Insane drone footage shows massive damage and flooding at California’s Oroville Dam
Drone and helicopter footage over Northern California’s imperiled Oroville Dam show the widespread damage and furious flooding that forced more than 200,000 people to evacuate on Sunday.
High water levels at Lake Oroville this weekend prompted authorities to use the dam’s emergency spillway for the first time in its nearly 50-year history. The main spillway had suffered unexpected erosion earlier this week after heavy rains caused a 30-foot-deep hole in the structure.
In aerial footage, water is seen roaring down the dam’s damaged spillway, looking like the world’s most terrifying waterslide. The emergency spillway appears more like a muddy mess of small creeks that spill menacingly from the reservoir.
The situation at Oroville Dam comes as much of California is suffering from climate whiplash.
After enduring a record six-year drought, parts of the Golden State are seeing near-record levels of rain and snowfall as a slew of atmospheric “rivers” dump precipitation across the region.
In California’s Northern Sierra region, total precipitation is already at 68 inches for the season– far above the 2015-2016 total of 57.9 inches, and only 20.5 inches shy of the record 1982-1983 season, according to the National Weather Service.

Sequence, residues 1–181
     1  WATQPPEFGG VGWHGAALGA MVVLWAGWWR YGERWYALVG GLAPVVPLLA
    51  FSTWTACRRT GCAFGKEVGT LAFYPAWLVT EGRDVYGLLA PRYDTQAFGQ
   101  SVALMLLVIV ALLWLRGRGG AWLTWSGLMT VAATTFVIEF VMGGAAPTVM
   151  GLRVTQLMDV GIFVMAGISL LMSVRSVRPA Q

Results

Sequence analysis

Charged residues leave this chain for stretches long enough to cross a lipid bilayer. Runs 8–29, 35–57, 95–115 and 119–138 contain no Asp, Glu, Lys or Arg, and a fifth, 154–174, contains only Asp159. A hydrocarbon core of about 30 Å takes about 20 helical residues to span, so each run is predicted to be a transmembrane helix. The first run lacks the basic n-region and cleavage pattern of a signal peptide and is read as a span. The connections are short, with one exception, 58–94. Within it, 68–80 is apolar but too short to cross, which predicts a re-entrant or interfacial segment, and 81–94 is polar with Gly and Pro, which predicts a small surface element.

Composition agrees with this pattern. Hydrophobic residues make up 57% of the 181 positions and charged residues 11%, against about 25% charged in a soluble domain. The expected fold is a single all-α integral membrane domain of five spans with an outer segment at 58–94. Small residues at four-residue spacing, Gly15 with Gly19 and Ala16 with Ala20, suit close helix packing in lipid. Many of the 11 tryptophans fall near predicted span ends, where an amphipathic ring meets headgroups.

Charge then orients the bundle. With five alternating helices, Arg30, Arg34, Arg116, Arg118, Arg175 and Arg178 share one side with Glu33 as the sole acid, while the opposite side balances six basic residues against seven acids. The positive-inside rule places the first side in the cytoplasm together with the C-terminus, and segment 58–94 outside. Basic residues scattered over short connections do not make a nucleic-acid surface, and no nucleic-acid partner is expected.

With more rain expected later this week, California authorities are scrambling to fix the Oroville Dam’s spillways and reduce the reservoir’s water levels to avoid another debacle at the dam.
The 770-foot-tall Oroville Dam– the nation’s tallest– lies 150 miles northeast of San Francisco. Its reservoir is the nation’s second-biggest man-made lake.
California’s Department of Water Resources on Sunday evening ordered the evacuation of around 200,000 people from towns lying below Lake Oroville.
Officials warned the main and emergency spillways could both fail, sending a dangerous 30-foot wall of water into communities below. California Gov. Jerry Brown issued an emergency order on Sunday to help with response efforts.
By Monday morning, however, the immediate threat seemed to have passed.
Water levels at Lake Oroville had dropped to around 897 feet, below the 901-foot threshold for using the lake’s spillways.
Flows over the emergency spillway had stopped, while about 100,000 cubic feet-per-second of water continued down the main spillway, the Department of Water Resources said.